The Best Tips on Writing for Kids and Teens

Author:
Publish date:

What are the most common problems in picture book submissions? What are the most important differences between middle-grade and young adult stories? What makes for standout writing for young readers? Top literary agents who represent writing for kids and teens delve deeply into their best craft tips and industry insights to answer all of these questions and more in the hot-off-the-press March/April 2016 Writer's Digest.

Writing for Kids and Teens

Once Upon a Time

At a neighborhood party recently, the adults on my street were discussing the fact that I’m newly slated to become a published novelist with a mixture of fanfare, curiosity, and something akin to suspicion. What fun, I thought, having people suddenly wonder what’s going on in my brain! Nothing like fielding a series of odd questions to make you feel like a “real” writer, right?

But then my neighbor’s second-grader spoke up. “You should write a book for kids,” she said.

“I do have one idea,” I told her, and then, not really thinking, spouted a one-line description of my half-baked picture book title. It wasn’t anything I’d thought seriously about writing, just a story I made up to make my son giggle. Imagine my surprise when all the kids in the room erupted into laughter. They squealed and cheered. “Yeah! Write that!”

In the stark contrast of that moment—and the recognition that adult readers are unlikely to express quite such unabashed enthusiasm for work we’ve been laboring over for years—I glimpsed it: The true joy that children’s writers have the privilege of tapping. Who wouldn’t want to be one?

I think children’s author and literary agent Ammi-Joan Paquette describes that privilege perfectly in her March/April 2016 Writer’s Digestarticle on writing fantasy stories for young readers:

“How clearly I remember my childhood experiences of being catapulted into a book world. … That first tumble into Wonderland is not easily forgotten, and it’s also something that can’t quite be replicated in adult life with the same intensity. The worlds you inhabit in childhood are stitched into the fabric of who you will grow to be. How lucky we are, then, and how big a responsibility rests on our shoulders, to be the ones shaping these worlds for the next generation of readers!”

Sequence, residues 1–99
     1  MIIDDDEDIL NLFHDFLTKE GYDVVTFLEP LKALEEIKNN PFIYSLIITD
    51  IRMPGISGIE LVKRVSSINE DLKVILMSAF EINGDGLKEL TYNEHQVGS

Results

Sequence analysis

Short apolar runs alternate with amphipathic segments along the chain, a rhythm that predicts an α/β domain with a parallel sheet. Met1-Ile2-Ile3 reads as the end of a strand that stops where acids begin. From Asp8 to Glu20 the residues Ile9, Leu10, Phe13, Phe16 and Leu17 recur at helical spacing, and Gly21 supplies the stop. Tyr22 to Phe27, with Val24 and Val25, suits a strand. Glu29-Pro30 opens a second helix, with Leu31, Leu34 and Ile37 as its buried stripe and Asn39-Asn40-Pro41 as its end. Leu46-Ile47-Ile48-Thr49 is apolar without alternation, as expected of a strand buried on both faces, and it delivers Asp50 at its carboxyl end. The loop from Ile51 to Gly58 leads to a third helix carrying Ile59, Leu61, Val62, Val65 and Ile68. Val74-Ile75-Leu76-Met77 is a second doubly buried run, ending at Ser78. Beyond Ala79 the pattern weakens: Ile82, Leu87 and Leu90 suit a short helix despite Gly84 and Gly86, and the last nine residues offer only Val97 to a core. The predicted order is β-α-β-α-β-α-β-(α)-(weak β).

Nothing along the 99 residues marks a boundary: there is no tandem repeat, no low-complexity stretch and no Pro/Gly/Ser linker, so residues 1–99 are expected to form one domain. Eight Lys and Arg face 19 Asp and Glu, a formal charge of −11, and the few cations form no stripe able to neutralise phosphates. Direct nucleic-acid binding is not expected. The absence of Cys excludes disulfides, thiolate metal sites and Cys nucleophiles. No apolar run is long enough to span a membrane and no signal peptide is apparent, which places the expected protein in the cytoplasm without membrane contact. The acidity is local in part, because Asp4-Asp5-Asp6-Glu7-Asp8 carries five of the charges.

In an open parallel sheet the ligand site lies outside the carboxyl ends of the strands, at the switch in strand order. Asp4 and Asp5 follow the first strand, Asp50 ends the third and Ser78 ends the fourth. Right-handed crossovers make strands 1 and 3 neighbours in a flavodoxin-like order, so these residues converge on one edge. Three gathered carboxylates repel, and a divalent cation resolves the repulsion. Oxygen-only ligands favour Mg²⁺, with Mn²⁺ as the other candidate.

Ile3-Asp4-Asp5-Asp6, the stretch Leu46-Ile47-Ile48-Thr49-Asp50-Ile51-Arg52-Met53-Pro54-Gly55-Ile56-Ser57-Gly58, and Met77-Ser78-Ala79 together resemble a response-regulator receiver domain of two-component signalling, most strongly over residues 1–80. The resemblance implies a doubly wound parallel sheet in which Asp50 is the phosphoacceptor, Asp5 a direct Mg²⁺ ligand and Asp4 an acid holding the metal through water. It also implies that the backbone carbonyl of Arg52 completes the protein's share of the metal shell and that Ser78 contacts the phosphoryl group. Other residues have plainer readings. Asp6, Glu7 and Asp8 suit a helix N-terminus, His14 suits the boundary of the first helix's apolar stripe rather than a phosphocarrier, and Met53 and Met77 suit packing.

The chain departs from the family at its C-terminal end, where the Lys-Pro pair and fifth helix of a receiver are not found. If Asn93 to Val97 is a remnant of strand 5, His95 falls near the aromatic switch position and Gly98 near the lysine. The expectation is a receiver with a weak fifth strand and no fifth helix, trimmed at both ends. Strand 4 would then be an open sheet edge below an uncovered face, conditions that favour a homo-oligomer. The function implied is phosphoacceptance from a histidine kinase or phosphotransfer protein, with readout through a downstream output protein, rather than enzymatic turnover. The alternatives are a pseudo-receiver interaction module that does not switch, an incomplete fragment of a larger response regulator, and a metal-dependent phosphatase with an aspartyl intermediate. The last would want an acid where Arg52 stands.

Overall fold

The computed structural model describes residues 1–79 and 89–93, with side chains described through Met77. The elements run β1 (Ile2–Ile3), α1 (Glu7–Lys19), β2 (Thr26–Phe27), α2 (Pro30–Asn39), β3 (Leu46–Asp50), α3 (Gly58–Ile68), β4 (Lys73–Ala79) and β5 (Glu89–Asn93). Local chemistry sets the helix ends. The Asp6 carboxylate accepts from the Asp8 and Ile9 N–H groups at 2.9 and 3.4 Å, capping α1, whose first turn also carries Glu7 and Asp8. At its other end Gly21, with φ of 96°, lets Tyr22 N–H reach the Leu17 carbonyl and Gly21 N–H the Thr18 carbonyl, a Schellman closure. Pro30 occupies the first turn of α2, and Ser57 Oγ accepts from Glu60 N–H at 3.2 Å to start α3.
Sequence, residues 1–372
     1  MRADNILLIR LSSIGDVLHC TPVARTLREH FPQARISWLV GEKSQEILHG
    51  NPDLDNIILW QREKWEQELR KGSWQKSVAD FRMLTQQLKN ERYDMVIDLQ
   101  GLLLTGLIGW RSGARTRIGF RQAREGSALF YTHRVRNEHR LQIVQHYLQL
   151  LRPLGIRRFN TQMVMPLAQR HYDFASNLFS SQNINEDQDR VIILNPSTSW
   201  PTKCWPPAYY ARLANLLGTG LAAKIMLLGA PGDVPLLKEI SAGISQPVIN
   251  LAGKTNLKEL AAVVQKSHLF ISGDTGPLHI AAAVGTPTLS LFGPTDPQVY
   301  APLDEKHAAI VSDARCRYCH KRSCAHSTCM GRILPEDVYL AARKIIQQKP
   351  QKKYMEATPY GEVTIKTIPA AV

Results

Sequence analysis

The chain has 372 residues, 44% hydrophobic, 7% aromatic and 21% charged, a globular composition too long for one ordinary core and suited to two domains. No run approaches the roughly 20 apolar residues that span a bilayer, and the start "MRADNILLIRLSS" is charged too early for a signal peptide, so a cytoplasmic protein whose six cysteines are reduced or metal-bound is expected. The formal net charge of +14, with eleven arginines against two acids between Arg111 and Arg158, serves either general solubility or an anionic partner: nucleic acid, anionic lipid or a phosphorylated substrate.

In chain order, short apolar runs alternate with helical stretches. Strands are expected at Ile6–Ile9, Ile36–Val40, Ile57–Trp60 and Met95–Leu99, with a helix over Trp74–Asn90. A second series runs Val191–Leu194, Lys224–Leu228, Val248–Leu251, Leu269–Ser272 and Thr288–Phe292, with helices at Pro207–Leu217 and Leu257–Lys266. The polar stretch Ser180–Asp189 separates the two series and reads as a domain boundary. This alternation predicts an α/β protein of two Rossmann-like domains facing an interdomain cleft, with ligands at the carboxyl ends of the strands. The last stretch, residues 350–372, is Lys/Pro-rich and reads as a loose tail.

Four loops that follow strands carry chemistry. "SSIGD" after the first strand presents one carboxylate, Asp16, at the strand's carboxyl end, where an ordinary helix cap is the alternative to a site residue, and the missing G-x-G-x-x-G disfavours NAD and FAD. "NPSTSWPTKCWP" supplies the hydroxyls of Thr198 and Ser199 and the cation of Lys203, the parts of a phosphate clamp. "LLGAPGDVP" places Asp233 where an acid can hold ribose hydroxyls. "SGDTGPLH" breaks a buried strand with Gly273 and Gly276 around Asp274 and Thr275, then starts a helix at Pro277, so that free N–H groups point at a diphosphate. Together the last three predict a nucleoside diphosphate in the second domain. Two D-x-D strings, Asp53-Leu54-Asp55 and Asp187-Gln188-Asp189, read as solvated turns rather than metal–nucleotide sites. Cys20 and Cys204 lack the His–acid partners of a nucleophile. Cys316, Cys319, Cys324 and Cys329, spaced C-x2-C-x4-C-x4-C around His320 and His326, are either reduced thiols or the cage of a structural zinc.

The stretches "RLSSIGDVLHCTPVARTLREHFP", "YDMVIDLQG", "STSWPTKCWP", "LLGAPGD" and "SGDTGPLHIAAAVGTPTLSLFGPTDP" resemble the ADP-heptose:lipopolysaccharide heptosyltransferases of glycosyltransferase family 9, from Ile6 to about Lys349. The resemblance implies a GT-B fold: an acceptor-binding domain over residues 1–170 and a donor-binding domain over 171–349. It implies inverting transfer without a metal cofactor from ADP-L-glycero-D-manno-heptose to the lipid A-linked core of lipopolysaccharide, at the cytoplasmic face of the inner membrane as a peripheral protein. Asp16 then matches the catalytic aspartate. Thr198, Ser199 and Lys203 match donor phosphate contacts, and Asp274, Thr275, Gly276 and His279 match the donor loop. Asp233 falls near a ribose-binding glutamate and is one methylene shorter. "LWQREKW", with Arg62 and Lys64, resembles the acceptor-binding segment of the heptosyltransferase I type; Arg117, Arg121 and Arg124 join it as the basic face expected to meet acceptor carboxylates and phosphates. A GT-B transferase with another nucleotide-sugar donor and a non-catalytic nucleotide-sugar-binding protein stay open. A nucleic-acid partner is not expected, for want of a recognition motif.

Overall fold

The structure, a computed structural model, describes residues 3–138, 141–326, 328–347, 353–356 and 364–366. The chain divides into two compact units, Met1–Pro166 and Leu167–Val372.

A key part of this issue’s “Writing for Kids and Teens” feature package, Paquette’s article is a gold mine for those aspiring to write middle-grade or young adult, whether you aim to transport readers into a fantastical alternate universe, or simply to make the novel world in your own imagination seem just as real to them.

Writing for Kids and Teens

So, too, is the "4 on 4" agent advice in our fast and furious roundup, in which a quartet of literary agents specializing in writing for kids and teens weigh in on four key questions that reveal what those looking to break in to the genre most need to know. As for me, if I ever do decide to write that picture book, I’ll bookmark Marie Lamba’s enlightening “10 Picture Book Pitfalls to Avoid—and How to Fix Them," another highlight in this info-packed issue.

The March/April 2016 Writer's Digestalso says a fond goodbye to Reject a Hit and introduces new back page column Platforms of Yore, in which the literary greats of yesteryear take social media by storm. It’s a fun and collaborative effort: Read more about the column and how you, too, can Write for Platforms of Yore.

With unabashed childlike enthusiasm, we do hope you'll preview the full contents of the March/April 2016 Writer's Digest, download the issue instantly, or look for it now at your favorite newsstand or local library.

Yours in writing,
Jessica Strawser
Editor, Writer's Digest magazine
Subscribe today. Your writing will thank you.

Follow me on Twitter.
Connect with me on Facebook.

Amir

The “Secret Sauce” Necessary to Succeed at a 30-Day Writing Challenge

In this article, author and writing coach Nina Amir lays out her top tips to master your mindset and complete a 30-day writing challenge.

Kane2

Crashing Into New Worlds: Writing About the Unfamiliar

Award-winning crime author Stephanie Kane explains how she builds characters unlike herself and navigates their worlds to create vivid and realistic stories.

plot_twist_story_prompts_without_a_trace_robert_lee_brewer

Plot Twist Story Prompts: Without a Trace

Every good story needs a nice (or not so nice) turn or two to keep it interesting. This week, have a character leave without a trace.

WDVintage_10_29

Vintage WD: The Truth about True Crime

In this article from July 2000, true crime novelist and former New York Times correspondent Lisa Beth Pulitzer shares with us some key insights for breaking into the true crime genre.

new_agent_alert_barb_roose_books_such_literary_services_adult_christian_fiction_and_nonfiction

New Agent Alert: Barb Roose of Books & Such Literary Management

New literary agent alerts (with this spotlight featuring Barb Roose of Books & Such Literary Management) are golden opportunities for new writers because each one is a literary agent who is likely building his or her client list.

Grinnell_10:28

Evoking Emotion in Fiction: Seven Pragmatic Ways to Make Readers Give a Damn

Evoking emotion on the page begins with the man or woman at the keyboard. Dustin Grinnell serves up seven straightforward tactics for writing tear-jerking stories that make your readers empathize with your characters.

Poetry Prompt

Wednesday Poetry Prompts: 546

Every Wednesday, Robert Lee Brewer shares a prompt and an example poem to get things started on the Poetic Asides blog. This week, write a spooky poem.

Richard_Shadowlands

Learn Better World-Building Strategies Through World of Warcraft and the New Shadowlands Expansion

WD editor and fantasy writer Moriah Richard shares five unique ways in which writers can use World of Warcraft to better build their worlds—without playing the game.